As one might deduce from the subject line, Ms. Munro is Canadian, and one of their very best writers. Most of her works are short stories, and for that form, she must rank as one of the world's leading practitioners. Somewhere in high school, like others, I picked up the notion that a short story was a literary form of a "lesser god"; "real writers" wrote novels. Munro single-handedly can rectify the error in this so-called thinking.

This book is a collection of nine stories, and each one is so dense and rich that it conveys all the wonderful insights into human interactions that a full novel can. Munro has the skills of the best "mystery writer." She tosses out feints, utilizes twists and turns in the plot; she fakes and weaves, so that it would be a very rare reader indeed who could accurately predict where the story will end. And there is a wonderful eroticism imbedded in most of the stories. Not the sledgehammer version pioneered by Henry Miller, and emulated by many, but rather a far subtler one, with the focus on the tension involved in the first touching of another's flesh. With Ms. Munro just the grazing of finger-tips is far more erotic than Mr. Miller's use of flashlights.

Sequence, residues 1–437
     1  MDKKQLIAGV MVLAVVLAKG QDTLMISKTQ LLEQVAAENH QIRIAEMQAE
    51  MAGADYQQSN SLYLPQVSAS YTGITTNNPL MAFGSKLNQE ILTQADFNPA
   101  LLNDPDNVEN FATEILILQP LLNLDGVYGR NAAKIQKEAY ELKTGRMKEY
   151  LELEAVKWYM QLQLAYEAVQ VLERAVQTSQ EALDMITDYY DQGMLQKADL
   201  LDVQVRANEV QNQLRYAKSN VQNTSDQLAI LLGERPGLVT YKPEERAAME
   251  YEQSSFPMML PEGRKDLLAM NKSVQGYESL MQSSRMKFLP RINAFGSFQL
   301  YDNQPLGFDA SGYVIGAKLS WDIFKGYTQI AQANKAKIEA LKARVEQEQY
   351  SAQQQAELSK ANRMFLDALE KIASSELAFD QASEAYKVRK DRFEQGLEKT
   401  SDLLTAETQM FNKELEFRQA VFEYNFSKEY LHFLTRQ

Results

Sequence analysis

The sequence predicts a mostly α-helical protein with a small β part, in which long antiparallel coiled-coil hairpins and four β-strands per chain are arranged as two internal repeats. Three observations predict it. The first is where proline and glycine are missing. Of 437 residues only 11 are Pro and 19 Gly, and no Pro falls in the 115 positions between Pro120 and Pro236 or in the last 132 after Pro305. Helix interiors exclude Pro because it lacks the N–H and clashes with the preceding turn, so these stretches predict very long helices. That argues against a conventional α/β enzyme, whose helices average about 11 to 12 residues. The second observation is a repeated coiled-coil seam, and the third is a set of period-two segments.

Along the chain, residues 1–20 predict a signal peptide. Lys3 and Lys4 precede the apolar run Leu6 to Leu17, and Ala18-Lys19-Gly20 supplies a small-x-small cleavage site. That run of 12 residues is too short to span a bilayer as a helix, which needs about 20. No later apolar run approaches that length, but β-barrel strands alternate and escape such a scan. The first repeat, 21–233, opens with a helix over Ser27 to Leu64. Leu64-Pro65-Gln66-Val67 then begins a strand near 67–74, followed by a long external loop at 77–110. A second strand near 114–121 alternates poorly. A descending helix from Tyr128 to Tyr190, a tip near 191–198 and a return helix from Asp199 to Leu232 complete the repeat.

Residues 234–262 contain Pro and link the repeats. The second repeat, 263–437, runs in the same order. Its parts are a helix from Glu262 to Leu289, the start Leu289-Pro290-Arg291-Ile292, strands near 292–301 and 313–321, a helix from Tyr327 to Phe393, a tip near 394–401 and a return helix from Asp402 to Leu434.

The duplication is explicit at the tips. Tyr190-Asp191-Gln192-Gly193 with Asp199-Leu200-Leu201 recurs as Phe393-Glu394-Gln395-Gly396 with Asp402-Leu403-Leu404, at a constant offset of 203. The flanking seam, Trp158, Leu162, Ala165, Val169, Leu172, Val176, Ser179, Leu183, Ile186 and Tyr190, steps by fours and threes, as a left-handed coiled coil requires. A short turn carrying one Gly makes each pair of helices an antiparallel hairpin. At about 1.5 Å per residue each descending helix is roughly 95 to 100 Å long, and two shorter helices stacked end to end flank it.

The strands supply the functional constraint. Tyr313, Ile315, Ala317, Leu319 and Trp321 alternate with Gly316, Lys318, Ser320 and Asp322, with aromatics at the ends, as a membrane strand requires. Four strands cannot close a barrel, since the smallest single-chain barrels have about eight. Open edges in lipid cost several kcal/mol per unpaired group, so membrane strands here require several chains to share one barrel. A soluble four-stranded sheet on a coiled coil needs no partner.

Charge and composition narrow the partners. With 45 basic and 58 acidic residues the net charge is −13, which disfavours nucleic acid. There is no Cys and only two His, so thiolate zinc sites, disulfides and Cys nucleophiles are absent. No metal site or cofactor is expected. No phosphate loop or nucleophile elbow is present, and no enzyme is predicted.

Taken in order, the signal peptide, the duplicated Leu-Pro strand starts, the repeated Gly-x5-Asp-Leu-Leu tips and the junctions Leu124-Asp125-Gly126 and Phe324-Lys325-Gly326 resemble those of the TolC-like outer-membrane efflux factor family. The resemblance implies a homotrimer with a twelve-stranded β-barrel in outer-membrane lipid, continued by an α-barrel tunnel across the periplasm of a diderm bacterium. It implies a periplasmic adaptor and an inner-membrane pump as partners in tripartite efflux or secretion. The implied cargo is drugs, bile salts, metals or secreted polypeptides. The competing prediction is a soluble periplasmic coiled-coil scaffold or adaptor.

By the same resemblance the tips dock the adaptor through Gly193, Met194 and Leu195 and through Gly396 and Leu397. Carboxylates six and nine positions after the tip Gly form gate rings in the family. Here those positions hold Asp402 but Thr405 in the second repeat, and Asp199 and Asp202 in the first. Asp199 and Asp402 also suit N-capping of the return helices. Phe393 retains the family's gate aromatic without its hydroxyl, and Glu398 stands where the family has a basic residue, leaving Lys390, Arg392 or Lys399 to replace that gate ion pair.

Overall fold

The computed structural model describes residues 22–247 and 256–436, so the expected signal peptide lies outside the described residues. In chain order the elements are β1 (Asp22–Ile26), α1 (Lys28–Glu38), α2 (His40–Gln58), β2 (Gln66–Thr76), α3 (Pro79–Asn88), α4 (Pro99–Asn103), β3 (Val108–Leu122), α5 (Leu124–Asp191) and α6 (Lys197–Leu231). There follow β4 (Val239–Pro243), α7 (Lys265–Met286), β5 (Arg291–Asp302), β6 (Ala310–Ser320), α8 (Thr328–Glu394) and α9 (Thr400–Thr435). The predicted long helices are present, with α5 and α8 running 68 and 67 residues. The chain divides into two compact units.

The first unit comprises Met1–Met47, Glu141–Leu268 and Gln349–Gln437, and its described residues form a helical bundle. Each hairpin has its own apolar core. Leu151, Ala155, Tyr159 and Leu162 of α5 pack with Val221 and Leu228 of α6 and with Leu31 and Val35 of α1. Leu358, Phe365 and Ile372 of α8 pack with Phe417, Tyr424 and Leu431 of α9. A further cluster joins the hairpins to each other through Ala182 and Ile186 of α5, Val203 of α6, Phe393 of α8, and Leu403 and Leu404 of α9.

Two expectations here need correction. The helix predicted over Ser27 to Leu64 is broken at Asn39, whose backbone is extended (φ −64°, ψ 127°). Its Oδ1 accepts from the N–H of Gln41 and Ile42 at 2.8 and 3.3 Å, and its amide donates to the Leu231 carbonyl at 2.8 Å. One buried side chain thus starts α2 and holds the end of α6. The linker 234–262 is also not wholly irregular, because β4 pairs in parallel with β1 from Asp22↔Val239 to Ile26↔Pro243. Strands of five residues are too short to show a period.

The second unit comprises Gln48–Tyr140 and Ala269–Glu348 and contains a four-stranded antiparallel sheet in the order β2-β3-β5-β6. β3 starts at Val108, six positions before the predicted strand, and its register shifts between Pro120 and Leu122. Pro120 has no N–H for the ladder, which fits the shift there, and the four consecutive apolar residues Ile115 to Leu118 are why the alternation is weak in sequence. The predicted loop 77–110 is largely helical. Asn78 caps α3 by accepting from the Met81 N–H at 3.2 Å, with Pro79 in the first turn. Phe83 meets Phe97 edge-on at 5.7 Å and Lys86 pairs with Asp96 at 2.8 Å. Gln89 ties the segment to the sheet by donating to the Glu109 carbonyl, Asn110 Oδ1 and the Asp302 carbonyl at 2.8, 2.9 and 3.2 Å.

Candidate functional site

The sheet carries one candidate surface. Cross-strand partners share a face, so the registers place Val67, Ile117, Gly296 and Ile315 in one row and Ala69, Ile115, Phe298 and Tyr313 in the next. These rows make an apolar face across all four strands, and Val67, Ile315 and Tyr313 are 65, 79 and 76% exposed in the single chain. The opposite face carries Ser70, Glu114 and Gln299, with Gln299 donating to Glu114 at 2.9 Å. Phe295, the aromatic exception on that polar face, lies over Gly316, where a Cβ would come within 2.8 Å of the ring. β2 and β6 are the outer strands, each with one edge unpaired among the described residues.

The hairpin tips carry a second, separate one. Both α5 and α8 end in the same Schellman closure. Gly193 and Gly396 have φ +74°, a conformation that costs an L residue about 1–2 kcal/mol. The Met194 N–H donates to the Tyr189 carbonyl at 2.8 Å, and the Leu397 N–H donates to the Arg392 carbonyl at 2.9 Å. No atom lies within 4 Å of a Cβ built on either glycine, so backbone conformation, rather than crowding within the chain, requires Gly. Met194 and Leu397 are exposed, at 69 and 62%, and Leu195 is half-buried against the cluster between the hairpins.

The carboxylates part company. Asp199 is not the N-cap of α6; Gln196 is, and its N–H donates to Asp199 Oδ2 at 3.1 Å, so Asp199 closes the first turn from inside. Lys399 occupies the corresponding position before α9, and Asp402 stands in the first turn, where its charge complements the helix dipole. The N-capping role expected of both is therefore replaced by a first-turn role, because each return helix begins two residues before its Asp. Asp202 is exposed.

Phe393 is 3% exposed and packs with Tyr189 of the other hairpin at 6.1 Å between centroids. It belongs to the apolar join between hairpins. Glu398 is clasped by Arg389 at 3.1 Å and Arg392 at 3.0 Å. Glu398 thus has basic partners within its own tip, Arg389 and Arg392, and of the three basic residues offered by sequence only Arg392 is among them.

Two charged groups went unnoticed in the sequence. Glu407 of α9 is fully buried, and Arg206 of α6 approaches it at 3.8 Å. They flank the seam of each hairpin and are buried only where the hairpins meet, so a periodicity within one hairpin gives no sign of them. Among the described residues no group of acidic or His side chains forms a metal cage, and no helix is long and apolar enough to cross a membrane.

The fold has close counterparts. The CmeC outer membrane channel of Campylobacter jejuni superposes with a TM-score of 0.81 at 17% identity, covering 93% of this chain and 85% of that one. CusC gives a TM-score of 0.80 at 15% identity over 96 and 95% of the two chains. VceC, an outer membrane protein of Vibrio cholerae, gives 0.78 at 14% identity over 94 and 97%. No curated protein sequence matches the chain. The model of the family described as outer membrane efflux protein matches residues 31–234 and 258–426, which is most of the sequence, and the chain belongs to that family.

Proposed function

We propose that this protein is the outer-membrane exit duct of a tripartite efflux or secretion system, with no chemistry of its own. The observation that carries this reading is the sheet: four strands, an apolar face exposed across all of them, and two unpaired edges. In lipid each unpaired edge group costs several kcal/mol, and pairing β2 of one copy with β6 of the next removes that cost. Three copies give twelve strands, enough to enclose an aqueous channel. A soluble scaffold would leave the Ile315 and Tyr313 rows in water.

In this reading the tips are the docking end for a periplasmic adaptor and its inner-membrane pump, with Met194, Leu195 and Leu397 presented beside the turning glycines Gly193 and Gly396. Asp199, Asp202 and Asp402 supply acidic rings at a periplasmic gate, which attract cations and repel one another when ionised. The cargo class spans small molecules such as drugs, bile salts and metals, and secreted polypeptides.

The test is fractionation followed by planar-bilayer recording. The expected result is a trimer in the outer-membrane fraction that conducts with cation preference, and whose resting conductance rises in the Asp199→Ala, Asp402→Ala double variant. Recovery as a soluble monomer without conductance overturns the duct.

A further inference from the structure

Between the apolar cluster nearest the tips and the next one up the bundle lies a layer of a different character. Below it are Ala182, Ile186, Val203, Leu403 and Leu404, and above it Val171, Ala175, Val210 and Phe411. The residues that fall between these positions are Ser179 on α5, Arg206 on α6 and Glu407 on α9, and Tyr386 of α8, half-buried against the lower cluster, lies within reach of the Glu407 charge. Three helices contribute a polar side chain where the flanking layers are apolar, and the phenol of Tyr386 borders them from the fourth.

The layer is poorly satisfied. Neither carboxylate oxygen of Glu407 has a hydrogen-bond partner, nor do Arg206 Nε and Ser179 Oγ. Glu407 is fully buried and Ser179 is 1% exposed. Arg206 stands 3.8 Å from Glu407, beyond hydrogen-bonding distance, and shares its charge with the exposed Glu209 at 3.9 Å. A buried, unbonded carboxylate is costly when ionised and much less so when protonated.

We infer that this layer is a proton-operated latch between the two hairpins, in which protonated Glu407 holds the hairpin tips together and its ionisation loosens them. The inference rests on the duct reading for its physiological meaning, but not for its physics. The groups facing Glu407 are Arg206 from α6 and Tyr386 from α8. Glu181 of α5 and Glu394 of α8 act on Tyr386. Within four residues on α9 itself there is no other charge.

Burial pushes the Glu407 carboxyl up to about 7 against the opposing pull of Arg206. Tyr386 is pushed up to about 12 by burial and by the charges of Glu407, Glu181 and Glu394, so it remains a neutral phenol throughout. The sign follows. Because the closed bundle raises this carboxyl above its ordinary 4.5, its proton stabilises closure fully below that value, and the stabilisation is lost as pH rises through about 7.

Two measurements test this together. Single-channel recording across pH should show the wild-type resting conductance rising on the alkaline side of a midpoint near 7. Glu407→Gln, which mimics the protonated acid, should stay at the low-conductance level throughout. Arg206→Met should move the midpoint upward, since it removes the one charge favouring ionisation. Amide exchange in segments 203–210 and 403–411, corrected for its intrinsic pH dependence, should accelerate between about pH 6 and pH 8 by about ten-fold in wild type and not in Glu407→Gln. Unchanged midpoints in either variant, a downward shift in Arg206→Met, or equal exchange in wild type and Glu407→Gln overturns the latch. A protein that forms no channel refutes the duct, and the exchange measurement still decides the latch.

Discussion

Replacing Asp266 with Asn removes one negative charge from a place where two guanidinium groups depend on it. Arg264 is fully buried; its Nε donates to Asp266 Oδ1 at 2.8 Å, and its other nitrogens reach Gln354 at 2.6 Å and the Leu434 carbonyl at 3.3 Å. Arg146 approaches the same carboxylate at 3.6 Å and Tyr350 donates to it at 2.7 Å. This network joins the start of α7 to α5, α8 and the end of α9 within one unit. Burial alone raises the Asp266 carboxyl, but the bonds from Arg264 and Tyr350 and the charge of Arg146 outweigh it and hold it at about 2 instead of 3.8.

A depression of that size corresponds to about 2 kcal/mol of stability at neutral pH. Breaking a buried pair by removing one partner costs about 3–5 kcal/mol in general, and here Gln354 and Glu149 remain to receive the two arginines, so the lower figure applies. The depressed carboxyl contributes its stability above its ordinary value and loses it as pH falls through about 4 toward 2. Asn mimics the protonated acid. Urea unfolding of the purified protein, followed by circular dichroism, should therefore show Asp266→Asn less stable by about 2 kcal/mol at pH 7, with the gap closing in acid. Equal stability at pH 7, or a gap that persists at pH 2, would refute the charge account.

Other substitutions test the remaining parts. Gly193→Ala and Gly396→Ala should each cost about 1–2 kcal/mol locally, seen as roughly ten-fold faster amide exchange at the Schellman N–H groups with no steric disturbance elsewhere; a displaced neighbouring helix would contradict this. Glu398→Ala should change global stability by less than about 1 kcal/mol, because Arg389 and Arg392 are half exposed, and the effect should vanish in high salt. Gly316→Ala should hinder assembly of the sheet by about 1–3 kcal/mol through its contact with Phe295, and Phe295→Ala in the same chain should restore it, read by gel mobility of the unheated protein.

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1.0 out of 5 stars Book in poor condition 13 Mar 2014
Format:Mass Market Paperback|Verified Purchase
Book looks like it has been used. I didn't order used edition. Yellow pages and dirty cover. Disappointed with product
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5.0 out of 5 stars Thoroughly deserved award-winner 15 Jan 2014
Format:Kindle Edition|Verified Purchase
What a find! Stories that speak out to me only as Inci Aral's can (and soon you will be able read her in English too). Credible, fast-moving, heart-warming. Perfect read at the end of the day to vindicate all that we do to stay human.
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5.0 out of 5 stars Excellent 22 Dec 2013
Format:Mass Market Paperback|Verified Purchase